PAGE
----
Most of the Aluminum anodes are alloys of aluminum also, about 95 to 99 percent aluminum, so I need to do a bit more research there. Maybe I can recycle my aluminum diet soda cans....;-)
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Old 22-07-2012, 22:28   #70
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Re: The Blonde Zinc Replacement

The proper alloy for aluminium anodes is MIL-A-24779

With the following recipea

*Zn- min. 4.00% - max. 5.00%
*In- min. 0.015% - max. 0.020%
*Si- min. 0.080% - max. 0.120%
*Fe- max. 0.090%
*Cu- max. 0.003%
*Others - max. 0.100%

The absolutely critical issue is the iron. Any more than spec can lead to a massive reduction in protection. Sadly cans run around .7 Fe.
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Old 22-07-2012, 22:38   #71
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Re: The Blonde Zinc Replacement

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Originally Posted by sailorchic34 View Post
I thought about a water heater anode, Those generally are magnesium and come with a 3/4" threaded bronze plug.. Would work for the fresh water I'm bouncing around in now. but they are too reactive for salt water..
The magnesium anodes only work in hot water as far as I know but I am pretty sure you can get specialty aluminum anodes. I am not sure what they are used for but I am pretty sure they are available. Apparently zinc is less noble than steel in hot water hence standard zinc is (less than) useless in hot water.
Even if standard heater anodes are not available in the right alloy for your use, we are talking about a VERY common application for fresh water protection and you can use standard zincs for salt water use.
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Old 23-07-2012, 17:28   #72
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Isn't the easy solution to the prop anode falling off, is to paint the area around the attachment points? Another I read somewhere was to dab a bit of silicone to do the same. The silicone could also do the job of loctite, maybe. I haven't tried either as yet but will do at my next replacement date, currently every 2 months!
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Old 23-07-2012, 19:16   #73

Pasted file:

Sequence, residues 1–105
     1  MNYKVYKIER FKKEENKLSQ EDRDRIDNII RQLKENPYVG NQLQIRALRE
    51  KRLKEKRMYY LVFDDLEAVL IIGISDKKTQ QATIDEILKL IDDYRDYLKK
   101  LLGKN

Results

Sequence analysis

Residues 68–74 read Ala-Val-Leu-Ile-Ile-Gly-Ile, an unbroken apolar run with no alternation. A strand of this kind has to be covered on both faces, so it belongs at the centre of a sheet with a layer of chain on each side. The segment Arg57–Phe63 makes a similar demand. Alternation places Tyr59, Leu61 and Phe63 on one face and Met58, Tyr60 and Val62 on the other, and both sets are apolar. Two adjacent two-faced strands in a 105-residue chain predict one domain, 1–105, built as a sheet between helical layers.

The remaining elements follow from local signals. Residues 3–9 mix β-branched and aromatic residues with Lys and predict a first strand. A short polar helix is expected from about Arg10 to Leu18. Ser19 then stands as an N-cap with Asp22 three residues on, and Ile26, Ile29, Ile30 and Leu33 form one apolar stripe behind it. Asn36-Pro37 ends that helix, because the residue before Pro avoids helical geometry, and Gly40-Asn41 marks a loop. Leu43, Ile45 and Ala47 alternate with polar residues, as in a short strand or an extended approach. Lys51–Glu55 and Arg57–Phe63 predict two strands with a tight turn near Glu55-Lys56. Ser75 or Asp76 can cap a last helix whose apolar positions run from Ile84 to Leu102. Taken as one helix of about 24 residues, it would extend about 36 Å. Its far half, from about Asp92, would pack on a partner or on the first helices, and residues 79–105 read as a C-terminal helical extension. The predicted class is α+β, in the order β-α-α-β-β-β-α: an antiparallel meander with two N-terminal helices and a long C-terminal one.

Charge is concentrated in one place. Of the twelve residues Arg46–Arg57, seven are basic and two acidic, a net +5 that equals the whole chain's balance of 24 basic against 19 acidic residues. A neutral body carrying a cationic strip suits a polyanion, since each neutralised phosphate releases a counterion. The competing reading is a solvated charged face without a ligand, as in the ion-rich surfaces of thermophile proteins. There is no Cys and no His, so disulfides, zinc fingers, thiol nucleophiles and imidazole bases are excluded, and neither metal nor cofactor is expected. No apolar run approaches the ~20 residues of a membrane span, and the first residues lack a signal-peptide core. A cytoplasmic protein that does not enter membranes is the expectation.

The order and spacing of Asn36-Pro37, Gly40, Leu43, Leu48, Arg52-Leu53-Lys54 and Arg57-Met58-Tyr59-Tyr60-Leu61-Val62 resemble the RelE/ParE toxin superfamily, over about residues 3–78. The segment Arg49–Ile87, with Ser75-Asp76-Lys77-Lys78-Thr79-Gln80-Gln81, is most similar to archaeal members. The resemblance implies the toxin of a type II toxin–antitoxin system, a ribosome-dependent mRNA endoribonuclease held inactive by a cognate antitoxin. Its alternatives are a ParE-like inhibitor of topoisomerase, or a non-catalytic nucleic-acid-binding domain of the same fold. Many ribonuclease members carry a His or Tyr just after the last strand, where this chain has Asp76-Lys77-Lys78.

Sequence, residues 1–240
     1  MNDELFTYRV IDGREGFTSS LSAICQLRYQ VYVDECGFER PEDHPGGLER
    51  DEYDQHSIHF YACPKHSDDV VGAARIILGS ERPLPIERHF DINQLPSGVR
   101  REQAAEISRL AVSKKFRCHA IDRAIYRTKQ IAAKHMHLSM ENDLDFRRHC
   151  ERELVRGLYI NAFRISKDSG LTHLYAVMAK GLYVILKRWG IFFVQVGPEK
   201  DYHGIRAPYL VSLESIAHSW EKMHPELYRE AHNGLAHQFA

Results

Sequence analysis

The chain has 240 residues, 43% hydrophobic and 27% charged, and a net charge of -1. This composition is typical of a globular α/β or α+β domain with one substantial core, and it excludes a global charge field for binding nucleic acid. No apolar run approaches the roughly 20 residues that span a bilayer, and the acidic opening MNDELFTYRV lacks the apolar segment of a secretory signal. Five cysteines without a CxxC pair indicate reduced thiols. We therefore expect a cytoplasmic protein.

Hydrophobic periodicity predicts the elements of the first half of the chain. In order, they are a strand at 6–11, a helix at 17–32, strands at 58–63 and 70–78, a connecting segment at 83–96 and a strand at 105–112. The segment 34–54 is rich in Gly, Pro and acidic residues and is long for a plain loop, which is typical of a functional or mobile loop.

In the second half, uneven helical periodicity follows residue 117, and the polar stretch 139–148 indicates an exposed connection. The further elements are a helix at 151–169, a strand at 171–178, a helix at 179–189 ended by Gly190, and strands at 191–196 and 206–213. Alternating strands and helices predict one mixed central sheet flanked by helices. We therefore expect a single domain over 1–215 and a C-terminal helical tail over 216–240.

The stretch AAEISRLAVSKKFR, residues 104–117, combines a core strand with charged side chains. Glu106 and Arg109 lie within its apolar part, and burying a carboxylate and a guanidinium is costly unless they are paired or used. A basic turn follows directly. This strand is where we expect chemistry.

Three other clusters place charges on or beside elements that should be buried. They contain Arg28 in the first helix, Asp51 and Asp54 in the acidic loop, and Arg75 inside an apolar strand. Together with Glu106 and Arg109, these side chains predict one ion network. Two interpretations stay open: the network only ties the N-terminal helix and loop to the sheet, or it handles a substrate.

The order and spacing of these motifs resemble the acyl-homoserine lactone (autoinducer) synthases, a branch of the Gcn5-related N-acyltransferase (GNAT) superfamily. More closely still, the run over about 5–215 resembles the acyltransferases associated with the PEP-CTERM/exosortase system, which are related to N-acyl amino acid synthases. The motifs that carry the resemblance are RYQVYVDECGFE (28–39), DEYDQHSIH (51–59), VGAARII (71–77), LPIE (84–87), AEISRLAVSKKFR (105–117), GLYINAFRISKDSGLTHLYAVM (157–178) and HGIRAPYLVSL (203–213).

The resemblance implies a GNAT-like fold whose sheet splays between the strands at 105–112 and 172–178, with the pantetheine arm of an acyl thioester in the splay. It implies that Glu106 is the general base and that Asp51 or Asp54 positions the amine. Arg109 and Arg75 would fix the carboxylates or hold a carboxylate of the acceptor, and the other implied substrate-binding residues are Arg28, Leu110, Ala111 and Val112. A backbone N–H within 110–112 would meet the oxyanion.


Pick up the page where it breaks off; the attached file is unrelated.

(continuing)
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Re: The Blonde Zinc Replacement

I kind of like your idea of a zinc that can be changed from inside the boat. I don't have any anodes on my prop and shaft. All metal on my boat that touches the water is connected electrically to a large zinc plate mounted on the hull. It seems to work. The zinc goes away and nothing else. It sure would be nice to be able to change the zinc without getting wet or hauling.
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Old 23-07-2012, 19:44   #74
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Re: The Blonde Zinc Replacement

I've been looking at my 2" copper standpipe. I keep thinking replace the 2" elbow with a 2" tee and get a 6" ish long 1/2" or 3/4" diameter zinc's. That should work too. My raw water line is 5/8" so the inlet is oversized.

As would a seachest with a 1" seacock and 1" diameter zinc. A spare unused seacock could also be used.. Using #10 wire for bonding and maybe a splinter bronze strap for the prop shaft and away you go..

Maybe I should put together a kit... Though it's just bits and pieces...
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Old 23-07-2012, 20:27   #75
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Re: The Blonde Zinc Replacement

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I kind of like your idea of a zinc that can be changed from inside the boat. I don't have any anodes on my prop and shaft. All metal on my boat that touches the water is connected electrically to a large zinc plate mounted on the hull. It seems to work. The zinc goes away and nothing else. It sure would be nice to be able to change the zinc without getting wet or hauling.
What? You're in Miami and worried about getting wet?

You do know that there are people from far away places that pay good money to come to Miami and jump in the water?